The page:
Before Purchasing an Enterprise Resource Planning Solution
What happens when a multi-million dollar investment doesn’t pay off, as expected? In the case of an Enterprise Resource Planning (ERP) system, companies often grasp for the underlying causes of their frustrations – quickly blaming the software or vendor.
Today, frustrations can get played out in the media, resulting in costly bad press for individuals, as well as the customer and the vendor. Take for example, the recent $100M legal battle between Waste Management Solutions and SAP, or AIB vs. Oracle. Nightmare scenarios are risks most organizations would rather avoid, but the list of legal battles includes big vendors like Oracle, Lawson, MS Dynamics, and others.
Over the past decade, an innovative company has experienced considerable growth. The business expanded globally, and the current ERP system simply wouldn’t support future demand. For years, this organization had been developing and/or buying additional tools to extract reports, data, and other information out of the system, and hired people to help reconcile and keep the system accurate. During the most recent technology refresh cycle, the leadership decided that, rather than investing in another interim solution or add-on, a new system should be purchased – an ERP system that will make their business processes easier to execute across the organization, as they continue to grow.
Many companies make a costly error during their ERP system implementation – they assume that the new system will make their processes easier to perform, without first examining their actual processes. Redundancies or bottlenecks may exist that could potentially impact the success rate of the new ERP.
Garbage In, Garbage Out
It’s important to understand that ERP systems are configured to enable business processes. Whether those processes reduce cycle time, remove waste (i.e. redundancies or bottlenecks), or improve the quality of the product or service, they should be reviewed for relevance to business objectives.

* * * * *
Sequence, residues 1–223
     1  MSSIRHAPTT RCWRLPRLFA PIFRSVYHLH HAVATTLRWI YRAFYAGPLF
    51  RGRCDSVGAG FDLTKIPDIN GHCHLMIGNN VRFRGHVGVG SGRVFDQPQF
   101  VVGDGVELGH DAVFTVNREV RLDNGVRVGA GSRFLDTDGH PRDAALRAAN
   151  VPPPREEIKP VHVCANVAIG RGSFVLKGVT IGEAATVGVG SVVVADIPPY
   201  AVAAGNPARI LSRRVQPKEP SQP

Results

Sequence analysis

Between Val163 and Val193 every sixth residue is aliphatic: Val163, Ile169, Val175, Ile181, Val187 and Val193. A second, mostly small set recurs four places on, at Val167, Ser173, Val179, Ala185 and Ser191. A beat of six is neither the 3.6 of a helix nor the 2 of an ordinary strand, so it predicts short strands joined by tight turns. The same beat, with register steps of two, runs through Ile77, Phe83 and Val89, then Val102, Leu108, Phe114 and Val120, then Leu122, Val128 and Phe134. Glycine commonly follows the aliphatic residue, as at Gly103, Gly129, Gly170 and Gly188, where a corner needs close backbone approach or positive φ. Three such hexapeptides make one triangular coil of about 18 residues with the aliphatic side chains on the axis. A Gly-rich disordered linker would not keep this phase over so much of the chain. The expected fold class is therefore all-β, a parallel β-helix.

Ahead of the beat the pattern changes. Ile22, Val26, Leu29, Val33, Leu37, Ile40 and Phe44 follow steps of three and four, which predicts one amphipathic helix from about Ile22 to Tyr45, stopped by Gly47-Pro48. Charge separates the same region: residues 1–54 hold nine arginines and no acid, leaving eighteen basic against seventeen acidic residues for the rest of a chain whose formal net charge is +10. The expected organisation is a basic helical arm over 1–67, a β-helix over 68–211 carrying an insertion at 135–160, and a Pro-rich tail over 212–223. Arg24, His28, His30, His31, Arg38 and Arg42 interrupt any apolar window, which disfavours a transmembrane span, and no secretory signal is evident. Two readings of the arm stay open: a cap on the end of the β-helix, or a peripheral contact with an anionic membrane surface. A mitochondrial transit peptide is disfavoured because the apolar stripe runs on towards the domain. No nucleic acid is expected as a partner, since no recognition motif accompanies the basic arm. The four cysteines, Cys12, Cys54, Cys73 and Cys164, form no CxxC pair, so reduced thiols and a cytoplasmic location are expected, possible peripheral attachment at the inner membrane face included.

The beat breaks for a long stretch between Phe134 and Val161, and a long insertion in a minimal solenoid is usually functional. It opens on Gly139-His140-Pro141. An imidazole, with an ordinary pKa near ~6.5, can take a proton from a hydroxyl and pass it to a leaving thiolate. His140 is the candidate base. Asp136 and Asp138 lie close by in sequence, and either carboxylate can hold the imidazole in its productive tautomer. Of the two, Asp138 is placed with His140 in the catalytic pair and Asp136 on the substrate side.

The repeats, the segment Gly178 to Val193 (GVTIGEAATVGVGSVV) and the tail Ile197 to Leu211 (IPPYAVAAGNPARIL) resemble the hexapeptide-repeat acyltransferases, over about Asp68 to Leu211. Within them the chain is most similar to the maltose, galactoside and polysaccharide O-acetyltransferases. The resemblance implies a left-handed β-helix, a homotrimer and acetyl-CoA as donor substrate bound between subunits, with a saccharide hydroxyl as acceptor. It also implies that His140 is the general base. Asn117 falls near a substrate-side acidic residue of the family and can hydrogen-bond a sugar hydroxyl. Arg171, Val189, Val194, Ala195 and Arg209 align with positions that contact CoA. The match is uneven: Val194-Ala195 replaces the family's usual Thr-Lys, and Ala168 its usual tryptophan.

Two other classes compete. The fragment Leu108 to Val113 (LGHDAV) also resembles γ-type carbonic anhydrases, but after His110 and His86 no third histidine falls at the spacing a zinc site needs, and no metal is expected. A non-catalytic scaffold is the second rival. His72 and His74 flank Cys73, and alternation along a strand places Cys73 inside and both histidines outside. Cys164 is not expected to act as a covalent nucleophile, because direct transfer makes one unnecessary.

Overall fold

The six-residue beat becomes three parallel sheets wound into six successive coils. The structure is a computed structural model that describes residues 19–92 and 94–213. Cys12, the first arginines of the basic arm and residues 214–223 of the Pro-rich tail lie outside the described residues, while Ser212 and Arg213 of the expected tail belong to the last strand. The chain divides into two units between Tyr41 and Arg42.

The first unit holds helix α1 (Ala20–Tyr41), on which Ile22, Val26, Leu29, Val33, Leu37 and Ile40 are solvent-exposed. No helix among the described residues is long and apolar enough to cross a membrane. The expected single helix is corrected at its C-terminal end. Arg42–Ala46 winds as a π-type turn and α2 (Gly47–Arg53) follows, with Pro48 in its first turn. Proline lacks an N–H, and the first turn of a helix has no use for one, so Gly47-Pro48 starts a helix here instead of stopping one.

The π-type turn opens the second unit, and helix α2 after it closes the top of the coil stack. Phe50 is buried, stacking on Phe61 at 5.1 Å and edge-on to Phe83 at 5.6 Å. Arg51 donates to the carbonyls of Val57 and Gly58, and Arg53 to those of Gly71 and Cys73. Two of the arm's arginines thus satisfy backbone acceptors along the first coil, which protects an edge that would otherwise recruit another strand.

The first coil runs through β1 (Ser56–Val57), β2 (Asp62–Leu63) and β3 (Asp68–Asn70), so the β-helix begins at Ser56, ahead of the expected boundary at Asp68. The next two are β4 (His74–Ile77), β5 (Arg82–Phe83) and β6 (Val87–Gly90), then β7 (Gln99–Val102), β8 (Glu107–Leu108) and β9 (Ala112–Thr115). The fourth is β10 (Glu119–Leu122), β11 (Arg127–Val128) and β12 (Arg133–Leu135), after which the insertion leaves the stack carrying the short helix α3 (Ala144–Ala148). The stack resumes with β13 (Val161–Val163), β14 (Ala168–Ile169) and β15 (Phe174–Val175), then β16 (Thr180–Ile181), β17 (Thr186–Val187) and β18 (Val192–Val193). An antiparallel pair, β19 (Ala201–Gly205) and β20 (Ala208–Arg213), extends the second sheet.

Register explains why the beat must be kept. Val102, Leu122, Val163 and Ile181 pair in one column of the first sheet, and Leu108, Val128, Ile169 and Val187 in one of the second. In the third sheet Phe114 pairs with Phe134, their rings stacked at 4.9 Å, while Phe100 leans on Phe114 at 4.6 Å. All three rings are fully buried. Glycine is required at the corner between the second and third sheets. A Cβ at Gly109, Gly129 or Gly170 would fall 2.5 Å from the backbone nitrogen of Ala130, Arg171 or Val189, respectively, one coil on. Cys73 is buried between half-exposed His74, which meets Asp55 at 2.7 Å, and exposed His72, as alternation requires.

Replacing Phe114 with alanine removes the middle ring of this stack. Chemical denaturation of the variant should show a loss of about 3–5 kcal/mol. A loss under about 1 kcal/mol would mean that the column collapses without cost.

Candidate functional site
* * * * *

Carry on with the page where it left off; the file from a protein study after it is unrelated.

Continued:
The definition of a core business process varies, but typically it denotes any process that touches or impacts the customer experience. Common definitions of core business processes include:
- Product Development: Idea to Commercialization
- Product Management: Forecast to Delivery
- Purchasing: Procure to Pay
- Inventory: Forecast to Delivery
- Marketing: Market to Prospect
- Sales: Order to Cash
- Customer Service: Issue to Resolution
The reality is that existing internal processes are frequently inefficient, ripe with bottlenecks, or allow inconsistent “workarounds” that put data security and reporting accuracy at risk. Existing processes may be redundant or may no longer meet business requirements, thus requiring optimization. Configuring a system based on poor processes prohibits the maximum return on a key – and substantial – investment, typically resulting in unmet expectations.
When selecting an ERP system, consider the new system’s scalability, functionality, usability, process enablement, ease of integration, and cost of ownership. Evaluate which ERP system best meets the current and anticipated requirements of the organization.
The success of an ERP implementation heavily weighs on these three key activities:
- Project management to plan and execute a detailed system implementation and vendor oversight plan.
- Process improvement to plan and execute a structured approach to understand, refine, and develop standardized processes.